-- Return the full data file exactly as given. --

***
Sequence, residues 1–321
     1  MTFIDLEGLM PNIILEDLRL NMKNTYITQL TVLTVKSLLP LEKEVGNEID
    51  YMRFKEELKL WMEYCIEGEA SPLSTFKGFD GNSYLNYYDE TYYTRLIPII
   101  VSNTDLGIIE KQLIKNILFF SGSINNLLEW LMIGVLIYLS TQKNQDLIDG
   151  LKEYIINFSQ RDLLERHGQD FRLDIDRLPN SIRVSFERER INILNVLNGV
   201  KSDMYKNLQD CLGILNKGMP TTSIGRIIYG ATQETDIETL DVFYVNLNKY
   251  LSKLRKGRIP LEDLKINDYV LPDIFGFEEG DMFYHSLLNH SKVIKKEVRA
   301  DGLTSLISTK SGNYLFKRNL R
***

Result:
Sequence, residues 1–321
     1  MTFIDLEGLM PNIILEDLRL NMKNTYITQL TVLTVKSLLP LEKEVGNEID
    51  YMRFKEELKL WMEYCIEGEA SPLSTFKGFD GNSYLNYYDE TYYTRLIPII
   101  VSNTDLGIIE KQLIKNILFF SGSINNLLEW LMIGVLIYLS TQKNQDLIDG
   151  LKEYIINFSQ RDLLERHGQD FRLDIDRLPN SIRVSFERER INILNVLNGV
   201  KSDMYKNLQD CLGILNKGMP TTSIGRIIYG ATQETDIETL DVFYVNLNKY
   251  LSKLRKGRIP LEDLKINDYV LPDIFGFEEG DMFYHSLLNH SKVIKKEVRA
   301  DGLTSLISTK SGNYLFKRNL R